Exactly a year later tragedy struck again to the Everest region and at the very crucial time of the Everest climbing season. And this could be probably the worst tragedy to hit Everest region.
After the quake today noon an avalanche swept the face of Mt. Everest after the massive earthquake struck Nepal on Saturday. An Indian army mountaineering team found 18 bodies on Mount Everest on Saturday, an army spokesman said, after a huge earthquake in Nepal unleashed an avalanche on the mountain at the start of the main climbing season. Nepal’s Tourism Ministry could only confirm 10 deaths, but spokesman Gyanendra Shrestha said that the death toll could rise, and that the avalanche had buried part of the base camp. He said two tents at the camp had been filled with the injured. Ministry officials estimated that at least 1,000 climbers, including about 400 foreigners, had been at base camp or on Everest when the earthquake struck. The avalanche apparently struck between the Khumbu Icefall, a rugged area of collapsed ice and snow, and the base camp where most climbing expeditions are, said Ang Tshering of the Nepal Mountaineering Association.
Exactly an year back on 18th April 2014 an avalanche swept down a climbing route on Mount Everest killing at least 16 Nepalese guides in the deadliest disaster on the world’s highest peak till that time. The Sherpa guides had gone to fix ropes for other climbers when the avalanche hit just them below Camp 2 at about 6:30 a.m. That incident and the strike from the sherpas after that had almost but ruined the Everest climbing season. Its going to be same again this year as most parts of the capital city of Kathmandu under rubbles. Kathmandu is the entry and exit point to Nepal for climbers from world over.
The extent of todays’s tragedy is yet to unfold as still there is very less communication coming out. Climbers have taken to social media to report the situation. Romanian climber Alex Gavan said on Twitter that there had been a “huge avalanche” and “many, many” people were up on the mountain. “Running for lifefrom my tent,” Gavan said. “Everest base camp huge earthquake then huge avalanche.”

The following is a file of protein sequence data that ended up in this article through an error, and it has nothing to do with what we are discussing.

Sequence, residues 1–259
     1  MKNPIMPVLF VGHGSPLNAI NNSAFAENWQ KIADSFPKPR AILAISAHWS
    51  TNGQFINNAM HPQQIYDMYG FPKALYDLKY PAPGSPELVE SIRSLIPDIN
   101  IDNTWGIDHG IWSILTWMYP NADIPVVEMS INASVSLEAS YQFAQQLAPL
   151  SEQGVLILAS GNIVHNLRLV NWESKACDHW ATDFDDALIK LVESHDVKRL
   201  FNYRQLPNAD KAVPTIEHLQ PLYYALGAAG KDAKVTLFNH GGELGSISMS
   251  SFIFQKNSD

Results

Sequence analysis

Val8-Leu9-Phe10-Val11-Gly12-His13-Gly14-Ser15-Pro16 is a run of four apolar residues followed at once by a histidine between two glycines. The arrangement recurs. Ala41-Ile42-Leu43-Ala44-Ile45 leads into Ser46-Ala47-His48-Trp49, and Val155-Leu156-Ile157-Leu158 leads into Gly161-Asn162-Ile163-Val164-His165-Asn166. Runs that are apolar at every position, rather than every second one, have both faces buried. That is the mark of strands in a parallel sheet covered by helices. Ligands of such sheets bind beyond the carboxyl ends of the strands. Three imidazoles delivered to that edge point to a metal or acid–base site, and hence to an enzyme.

Alex’s first tweet was at 12.01 pm (20 minutes after the quake)-
His second tweet was at 6.38 pm in the evening-
It simply tells the gravity of the situation.
Another climber, Daniel Mazur, said Everest base camp had been “severely damaged” and his team was trapped. His first tweet was at 1.46 pm.
He made another tweet at 2.54 pm-
His last tweet so far was at 5.22 pm
The trekkers are scattered all around the base camp and some had even trekked further up. It is almost impossible to get in touch with anyone. Choti Sherpa, who works at the Everest Summiteers Association, said she had been unable to call her family and colleagues on the mountain. “Everyone is trying to contact each other, but we can’t,” she said. “We are all very worried.” “This will definitely have some impact on climbing activity, but this is a natural disaster no one can do anything,” said Ang Tshering Sherpa, President of the Nepal Mountaineering Association.
April is one of the most popular times to scale the 8,850-metre (29,035 foot) peak, the world’s highest, before rain and clouds cloak it the end of May. Hundreds of climbers, their guides and support crews gather at the base camp to prepare for attempts to scale the 8,850-meter (29,035-foot) mountain as early as March end or April beginning for attempting climbs later when weather conditions become favourable. They have been setting up camps at higher altitudes and guides have been fixing routes and ropes on the slopes above. Last year the area where the avalanche hit is nicknamed the “popcorn field” and is just below Camp 2 at 6,400 meters (21,000 feet).
More than 4,000 climbers have scaled the summit since 1953, when it was first conquered by NewZealander Edmund Hillary and Sherpa Tenzing Norgay. Hundreds have died attempting to reach the peak. The earlier worst recorded disaster on Everest had been a snowstorm on May 11, 1996, that caused the deaths of eight climbers. Six Nepalese guides were killed in an avalanche in 1970.